Hybrid-Car Competition Heats Up: Does the Toyota Prius Finally Have a Worthy Challenger?

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Ford Motor Company

Ford C-Max

In January, Ford sold five times as many hybrid vehicles as it did the year before. New hybrids from Volkswagen, Honda and pretty much every other automaker also mean that Toyota, which has dominated the market for years with its hybrid Prius, better be ready for quite a fight.

Without a doubt, consumers are curious about plug-in vehicles like the Chevy Volt and the all-electric Nissan Leaf. But when it comes time to purchase, the consensus is that the vast majority of buyers will keep on turning to cars that are powered mainly by gasoline.

According to a J.D. Power survey published last year, the majority of consumers (71%) indicated that the next car they buy or lease would be a regular, old-fashioned gas-powered vehicle. Almost one-quarter (23%), meanwhile, said they’d be most likely to purchase a conventional hybrid such as the Toyota Prius or Ford Fusion Hybrid. Only 4% pointed to the plug-in hybrid (Chevy Volt) as the car they’d buy next, and just 2% said their next automobile would be a purely battery-powered vehicle like the Nissan Leaf.

The takeaway is that automakers expect to be selling a lot more traditional hybrids than they will plug-ins for some time to come. By far, the top dog in the hybrid category is the Toyota Prius, which has not only been on the market longer than almost any of its peers, it has managed to push beyond its original niche status and become a best seller around the globe.

(MORE: What Would Make an All-Electric Car Appeal to the Masses?)

But every year, the Prius faces more competition as other automakers roll out new and improved hybrids. Ford, for example, recently unleashed the C-Max, which has been hyped as its “Prius fighter.” Impressively, in its first full month of sales, the C-Max Hybrid outsold the Prius V, which is the larger, family-friendly version of the Prius that the C-Max competes with most directly.

Bloomberg reported that January was a record month for Ford hybrid sales, which increased by a factor of five compared with the same time a year ago. Around 6,000 Ford hybrids were sold last month, compared with about 1,200 in January 2012. With such a start, Ford executives anticipate that its 2013 hybrid sales total will blow away its current annual high of 35,496, set in 2010.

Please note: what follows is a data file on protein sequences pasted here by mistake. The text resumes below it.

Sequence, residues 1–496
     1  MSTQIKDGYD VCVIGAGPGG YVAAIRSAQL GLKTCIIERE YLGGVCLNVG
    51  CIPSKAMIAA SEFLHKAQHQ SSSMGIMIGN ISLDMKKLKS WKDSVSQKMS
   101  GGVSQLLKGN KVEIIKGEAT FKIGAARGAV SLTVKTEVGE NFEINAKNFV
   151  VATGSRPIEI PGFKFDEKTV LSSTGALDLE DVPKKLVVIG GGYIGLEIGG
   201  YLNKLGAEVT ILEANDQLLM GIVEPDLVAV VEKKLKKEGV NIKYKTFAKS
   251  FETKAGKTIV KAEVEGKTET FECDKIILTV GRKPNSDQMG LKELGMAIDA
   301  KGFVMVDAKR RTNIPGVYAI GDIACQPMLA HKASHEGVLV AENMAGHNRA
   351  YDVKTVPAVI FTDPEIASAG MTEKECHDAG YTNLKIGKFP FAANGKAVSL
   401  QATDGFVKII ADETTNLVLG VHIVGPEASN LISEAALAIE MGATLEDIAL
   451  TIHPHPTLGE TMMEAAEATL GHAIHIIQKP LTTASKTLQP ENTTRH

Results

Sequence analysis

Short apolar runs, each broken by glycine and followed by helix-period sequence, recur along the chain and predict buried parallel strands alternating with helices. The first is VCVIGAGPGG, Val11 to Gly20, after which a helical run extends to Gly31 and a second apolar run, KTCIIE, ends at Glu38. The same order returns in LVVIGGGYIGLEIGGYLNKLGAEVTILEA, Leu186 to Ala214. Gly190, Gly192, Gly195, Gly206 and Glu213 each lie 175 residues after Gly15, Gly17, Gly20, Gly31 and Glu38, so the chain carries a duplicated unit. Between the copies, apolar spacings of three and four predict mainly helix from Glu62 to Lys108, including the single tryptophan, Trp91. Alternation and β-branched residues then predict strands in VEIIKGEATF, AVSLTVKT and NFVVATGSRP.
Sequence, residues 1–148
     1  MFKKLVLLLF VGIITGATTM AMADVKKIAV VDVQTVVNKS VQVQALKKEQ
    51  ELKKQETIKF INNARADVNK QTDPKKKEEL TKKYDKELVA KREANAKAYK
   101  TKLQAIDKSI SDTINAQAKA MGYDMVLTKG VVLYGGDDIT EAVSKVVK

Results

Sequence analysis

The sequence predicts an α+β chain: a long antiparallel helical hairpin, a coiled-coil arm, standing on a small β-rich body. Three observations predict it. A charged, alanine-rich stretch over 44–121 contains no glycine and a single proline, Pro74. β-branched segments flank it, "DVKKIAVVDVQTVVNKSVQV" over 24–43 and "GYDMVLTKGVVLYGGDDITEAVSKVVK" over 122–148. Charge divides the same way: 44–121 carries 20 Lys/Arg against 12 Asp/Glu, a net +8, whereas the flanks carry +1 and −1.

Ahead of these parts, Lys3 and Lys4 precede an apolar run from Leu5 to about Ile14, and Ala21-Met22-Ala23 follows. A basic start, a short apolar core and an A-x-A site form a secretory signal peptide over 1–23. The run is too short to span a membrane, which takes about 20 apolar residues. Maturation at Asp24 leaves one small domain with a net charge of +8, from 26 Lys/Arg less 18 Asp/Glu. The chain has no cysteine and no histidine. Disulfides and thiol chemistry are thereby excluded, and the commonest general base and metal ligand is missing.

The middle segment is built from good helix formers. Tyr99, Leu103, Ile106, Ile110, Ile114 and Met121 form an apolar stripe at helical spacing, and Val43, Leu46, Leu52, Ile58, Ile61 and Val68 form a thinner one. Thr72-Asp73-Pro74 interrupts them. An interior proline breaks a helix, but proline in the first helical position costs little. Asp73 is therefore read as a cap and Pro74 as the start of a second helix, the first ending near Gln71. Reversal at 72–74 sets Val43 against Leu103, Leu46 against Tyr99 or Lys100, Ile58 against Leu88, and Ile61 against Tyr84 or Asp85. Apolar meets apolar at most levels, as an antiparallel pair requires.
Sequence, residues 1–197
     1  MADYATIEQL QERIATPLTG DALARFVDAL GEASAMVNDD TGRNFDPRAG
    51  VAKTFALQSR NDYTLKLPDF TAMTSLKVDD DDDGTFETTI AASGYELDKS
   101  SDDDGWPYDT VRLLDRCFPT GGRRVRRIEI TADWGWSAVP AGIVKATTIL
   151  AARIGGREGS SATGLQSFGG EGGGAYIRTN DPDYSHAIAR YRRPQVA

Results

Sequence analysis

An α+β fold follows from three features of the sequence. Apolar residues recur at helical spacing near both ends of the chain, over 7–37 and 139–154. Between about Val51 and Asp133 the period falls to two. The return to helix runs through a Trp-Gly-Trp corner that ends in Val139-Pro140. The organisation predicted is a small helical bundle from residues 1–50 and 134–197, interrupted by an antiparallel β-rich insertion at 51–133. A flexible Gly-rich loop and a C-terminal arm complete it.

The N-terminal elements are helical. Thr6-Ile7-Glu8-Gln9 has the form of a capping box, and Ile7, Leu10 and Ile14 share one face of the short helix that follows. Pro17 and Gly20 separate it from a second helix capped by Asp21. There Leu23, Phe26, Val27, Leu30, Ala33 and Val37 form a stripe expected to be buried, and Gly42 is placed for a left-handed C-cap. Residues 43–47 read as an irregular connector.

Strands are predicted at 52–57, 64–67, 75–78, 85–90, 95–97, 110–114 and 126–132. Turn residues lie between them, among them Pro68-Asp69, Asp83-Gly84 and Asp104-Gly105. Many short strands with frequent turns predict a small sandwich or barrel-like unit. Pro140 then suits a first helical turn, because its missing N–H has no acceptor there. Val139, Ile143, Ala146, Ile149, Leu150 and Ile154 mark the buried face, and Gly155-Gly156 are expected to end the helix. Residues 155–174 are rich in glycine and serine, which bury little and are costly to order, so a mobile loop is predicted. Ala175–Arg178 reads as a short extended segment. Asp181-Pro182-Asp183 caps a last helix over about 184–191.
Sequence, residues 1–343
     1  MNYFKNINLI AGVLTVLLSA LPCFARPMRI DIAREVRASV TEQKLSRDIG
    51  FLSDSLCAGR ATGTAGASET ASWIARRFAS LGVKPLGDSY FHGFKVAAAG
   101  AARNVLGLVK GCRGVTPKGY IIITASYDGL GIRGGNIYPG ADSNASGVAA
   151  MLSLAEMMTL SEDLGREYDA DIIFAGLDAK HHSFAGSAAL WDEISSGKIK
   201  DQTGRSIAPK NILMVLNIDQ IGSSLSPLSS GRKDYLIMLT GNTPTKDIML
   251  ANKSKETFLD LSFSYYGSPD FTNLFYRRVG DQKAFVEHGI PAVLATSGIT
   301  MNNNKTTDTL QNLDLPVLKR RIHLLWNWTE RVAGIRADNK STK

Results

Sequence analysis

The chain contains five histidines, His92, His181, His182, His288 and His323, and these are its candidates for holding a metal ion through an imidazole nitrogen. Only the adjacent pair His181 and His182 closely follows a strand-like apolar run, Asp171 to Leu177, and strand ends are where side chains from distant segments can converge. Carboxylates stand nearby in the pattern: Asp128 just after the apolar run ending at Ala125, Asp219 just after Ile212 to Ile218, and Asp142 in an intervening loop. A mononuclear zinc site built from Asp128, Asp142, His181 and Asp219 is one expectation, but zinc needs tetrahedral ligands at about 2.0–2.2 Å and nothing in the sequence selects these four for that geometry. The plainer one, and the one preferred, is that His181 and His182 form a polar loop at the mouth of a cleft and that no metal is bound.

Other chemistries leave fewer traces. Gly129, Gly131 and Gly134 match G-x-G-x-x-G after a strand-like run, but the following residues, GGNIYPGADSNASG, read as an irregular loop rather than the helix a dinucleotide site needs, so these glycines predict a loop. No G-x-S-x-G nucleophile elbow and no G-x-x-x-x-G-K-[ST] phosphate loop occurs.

Beyond rising sales, two bits of data concerning hybrid purchases are getting Ford particularly excited: per the Detroit News, a high percentage (70%) of Fusion Hybrid purchases come from “conquest buyers” (consumers who previously drove another car brand, not a Ford); and Fusion Hybrid purchasers tend to be slightly younger than the typical hybrid owner. As one Ford executive explained:

‘We’re bringing new hybrid buyers into the market, many of whom wouldn’t be considered traditional hybrid buyers,’ said Amy Marentic, Ford’s marketing manager of global small and medium cars. ‘There’s a sense hybrid buyers represent a pragmatic or green ethic.’

(MORE: Will the EPA Change the Way It Measures MPG Ratings? Maybe Just for Hybrids?)

It’s difficult for automakers to woo drivers away from another brand, and it can be maddeningly complicated for automakers to sell cars to younger consumers, so any progress that can be made on one or both of these fronts is considered a great success for Ford.

Even so, a little perspective is needed on Ford’s hybrid-sales data. One reason sales have risen so sharply is that they were so weak in the past. The C-Max may have outsold the V version of the Prius last fall, but it sure as heck didn’t outsell all Priuses. Toyota sold around 236,000 Priuses in the U.S. last year, a 73% increase from 2011. The Prius has become the top-selling car in California (it’s the best seller period, not just for hybrids), and Toyota should expect to average more than 20,000 sales monthly in 2013 in the U.S. Ford, by contrast, is happy because it managed to sell 6,000 hybrids last month.

This doesn’t mean that Toyota can kick back and rest on its laurels with the confidence it’s got the hybrid market wrapped up. Slowly, Toyota has been losing market share of hybrids — down to 60%, after being 68% not long ago — while Ford’s share of the market has increased from 7% to 16%.

And Ford is hardly Toyota’s only competitor in the hybrid market. Every automaker seems to have a hybrid that’s new to the market or will be soon. One of the most eagerly anticipated is the 2013 Volkwagen Jetta Hybrid, which stands out because, unlike the typical hybrid that can feel like a glorified golf cart, this car is supposedly fun to drive and really moves when your foot hits the gas pedal. A WardsAuto review put it this way:

The engine makes the Jetta hybrid arguably the most compelling parallel hybrid yet because it delivers great fuel economy at a competitive price and reinforces the European joy of driving. It’s truly sporty.

(MORE: Why the New Ford Fusion Is the Most Important Car, Like, Ever)

So while the Prius is undeniably the champ among hybrids, and it is likely to hold the sales crown for a long time to come, every year it’ll face tougher contenders — and just plain more of them.